Do wind turbines need backup?
It is common for opponents of wind power to state that wind turbines need substantial ‘backup’ plant on the grid for periods when there is no wind. This is far from true, as this
report shows. Main factors necessitating significant reserve plant capacity are: (1) all forms of generation stop sometimes (e.g. unexpected and sudden outages of nuclear plant), and (2) the demand changes, sometimes suddenly (e.g. at the end of televised national sporting events). The reserve in place already is more than sufficient for UK wind power now and for the next 10 years at least.
See also related article in Wind Power Monthly. Key points:
- Back-up is always provided for all power plants on a system, with or without wind
- There is no need to build back-up for wind; existing power plants in any system provide the required back-up for all plants
- Wind generation displaces fossil-fuel generation and some of those plants can be
taken out of operation
- As the penetration of wind increases in any power system, the volume of capacity that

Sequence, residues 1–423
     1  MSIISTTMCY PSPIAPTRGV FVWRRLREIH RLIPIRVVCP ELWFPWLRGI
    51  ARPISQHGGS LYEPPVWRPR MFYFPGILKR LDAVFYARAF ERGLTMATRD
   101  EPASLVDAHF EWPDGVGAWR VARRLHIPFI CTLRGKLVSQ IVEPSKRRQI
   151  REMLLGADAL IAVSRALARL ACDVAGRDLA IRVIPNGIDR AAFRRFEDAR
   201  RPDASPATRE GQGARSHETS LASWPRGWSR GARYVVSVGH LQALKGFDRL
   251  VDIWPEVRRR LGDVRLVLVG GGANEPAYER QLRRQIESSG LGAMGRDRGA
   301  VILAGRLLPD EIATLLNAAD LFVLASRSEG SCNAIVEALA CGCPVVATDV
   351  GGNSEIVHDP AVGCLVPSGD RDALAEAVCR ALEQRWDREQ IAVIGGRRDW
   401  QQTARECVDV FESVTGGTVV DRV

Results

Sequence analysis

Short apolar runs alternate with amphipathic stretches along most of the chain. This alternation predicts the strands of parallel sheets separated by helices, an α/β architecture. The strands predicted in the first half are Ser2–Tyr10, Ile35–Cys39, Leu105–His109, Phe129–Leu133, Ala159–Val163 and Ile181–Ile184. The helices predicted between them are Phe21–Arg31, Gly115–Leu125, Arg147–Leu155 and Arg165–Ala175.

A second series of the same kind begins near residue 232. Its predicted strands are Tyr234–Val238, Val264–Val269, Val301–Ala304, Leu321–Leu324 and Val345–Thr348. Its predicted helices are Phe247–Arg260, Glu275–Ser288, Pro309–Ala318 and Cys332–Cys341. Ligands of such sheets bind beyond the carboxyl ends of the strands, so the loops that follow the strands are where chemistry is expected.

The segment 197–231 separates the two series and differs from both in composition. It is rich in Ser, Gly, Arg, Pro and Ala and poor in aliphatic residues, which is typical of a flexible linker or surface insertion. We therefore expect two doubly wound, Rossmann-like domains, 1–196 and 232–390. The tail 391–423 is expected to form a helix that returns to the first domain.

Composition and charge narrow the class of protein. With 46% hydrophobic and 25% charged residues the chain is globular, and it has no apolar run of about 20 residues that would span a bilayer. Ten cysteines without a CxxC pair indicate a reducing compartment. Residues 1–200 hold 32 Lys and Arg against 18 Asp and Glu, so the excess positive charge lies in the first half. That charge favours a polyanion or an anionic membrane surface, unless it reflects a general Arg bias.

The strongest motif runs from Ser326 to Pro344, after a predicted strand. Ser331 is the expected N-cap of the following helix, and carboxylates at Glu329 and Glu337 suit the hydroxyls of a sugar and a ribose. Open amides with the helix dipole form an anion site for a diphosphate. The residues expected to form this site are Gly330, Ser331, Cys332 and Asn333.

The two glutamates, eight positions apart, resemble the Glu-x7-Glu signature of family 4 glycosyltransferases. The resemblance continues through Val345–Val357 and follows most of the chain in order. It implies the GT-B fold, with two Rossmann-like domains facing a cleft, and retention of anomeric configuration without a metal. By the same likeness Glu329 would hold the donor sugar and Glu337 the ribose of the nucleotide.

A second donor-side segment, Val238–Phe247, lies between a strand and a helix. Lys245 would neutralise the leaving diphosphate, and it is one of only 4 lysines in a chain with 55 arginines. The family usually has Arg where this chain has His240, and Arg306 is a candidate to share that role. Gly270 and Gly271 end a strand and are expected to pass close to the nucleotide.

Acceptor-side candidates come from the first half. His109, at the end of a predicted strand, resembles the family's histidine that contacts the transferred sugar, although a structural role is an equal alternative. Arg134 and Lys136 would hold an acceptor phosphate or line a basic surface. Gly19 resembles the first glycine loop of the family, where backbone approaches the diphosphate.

is operated at part load, ready to ramp up or down according to peaks in demand or unexpected generation shortfalls, increases slightly to maintain a consistent probability of security of supply
- Since the volume of extra reserve when adding wind is modest so is the additional cost. Savings from wind replacing other generation are likely to more than cover that extra cost
- The emissions saved by wind displacing fossil-fuel generation are far greater than any extra emissions from increased spinning reserve.
Further reading (in no particular order):
- Article published in newsletter of the Institute of Physics Energy Group
- Article entitled Why baseload power is doomed
- Talk on liquid metal batteries to resolve intermittent nature of renewables entitled The missing link to renewable energy
- How the electricity balancing mechanism is undermining renewables future, Dave Toke’s green energy blog